Last Updated: 2004/12/13
He took a duck in the face at 250 knots.
Cayce Pollard is a 32-year-old woman who has a gift. She perceives "cool". She can tell you what the next trend will be before it breaks out due to her careful examination of the current fashions. She makes a good living with this gift consulting advertising agencies and helping them pick the next big thing. This great gift comes at a price; she is physically allergic to brand logos. Things like Tommy Hilfiger or the Michelin Man tend to make her nauseous. She has to rid herself of this crass commercialism by removing every brand name on everything she owns, from the YKK on her zippers, to the DKNY of her handbags.
During her free time, Cayce observes the "footage" which is a series of short film clips that appear on the Internet. These clips are being created anonymously by someone who obviously has an eye for film. There is no way to tell when or where the film takes place. There are no distinguishing styles, trends, or fashions to determine the film's origin, and it seems that it has acquired a cult following all around the world.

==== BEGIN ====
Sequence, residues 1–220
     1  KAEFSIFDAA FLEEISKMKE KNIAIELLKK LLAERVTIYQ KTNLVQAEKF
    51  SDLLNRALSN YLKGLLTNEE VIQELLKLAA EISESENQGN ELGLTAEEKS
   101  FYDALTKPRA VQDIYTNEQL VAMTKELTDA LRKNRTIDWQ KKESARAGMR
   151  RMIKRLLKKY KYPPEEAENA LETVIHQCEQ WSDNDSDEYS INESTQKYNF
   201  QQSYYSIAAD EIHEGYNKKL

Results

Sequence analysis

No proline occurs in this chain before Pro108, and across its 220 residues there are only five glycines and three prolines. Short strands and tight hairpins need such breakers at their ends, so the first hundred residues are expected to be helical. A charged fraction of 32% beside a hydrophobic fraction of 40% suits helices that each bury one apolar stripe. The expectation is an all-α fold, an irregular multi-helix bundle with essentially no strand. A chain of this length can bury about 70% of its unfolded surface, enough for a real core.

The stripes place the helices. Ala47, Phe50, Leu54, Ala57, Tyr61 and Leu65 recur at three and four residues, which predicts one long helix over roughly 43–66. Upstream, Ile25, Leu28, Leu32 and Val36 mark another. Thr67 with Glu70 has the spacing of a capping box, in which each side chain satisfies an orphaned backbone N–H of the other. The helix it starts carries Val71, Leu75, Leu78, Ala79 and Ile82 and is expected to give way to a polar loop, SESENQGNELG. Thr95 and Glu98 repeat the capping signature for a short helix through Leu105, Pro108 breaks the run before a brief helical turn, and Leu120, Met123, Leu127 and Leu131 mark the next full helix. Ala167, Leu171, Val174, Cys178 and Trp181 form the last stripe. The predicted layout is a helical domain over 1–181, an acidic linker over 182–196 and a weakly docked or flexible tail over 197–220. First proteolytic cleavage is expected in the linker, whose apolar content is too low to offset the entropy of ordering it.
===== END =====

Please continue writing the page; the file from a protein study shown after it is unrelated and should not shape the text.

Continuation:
Cayce wakes up in London feeling stoned from jetlag and things only get worse. She goes to a job at an advertising company which she doesn't really like, and it seems the owner there wants her to find out who is creating this mysterious footage. Now she has to mix her pleasure with her pain as she goes all across the world searching for the "maker".
William Gibson has written a very impressive book with Pattern Recognition. Unlike his science fiction books, it takes place the year after the World Trade Center attack on a very familiar Earth. Viewing the world through the eyes of Cayce Pollard is indeed an interesting plight to say the least. Gibson has very interesting word use, often making single word sentences explain what would take a paragraph. The book is rather bitter sweet, but certainly a great read.
There is a song called "Pattern Recognition" by Sonic Youth that was written about this book.
© Copyright 2004-2005: Dean Tersigni. All rights reserved.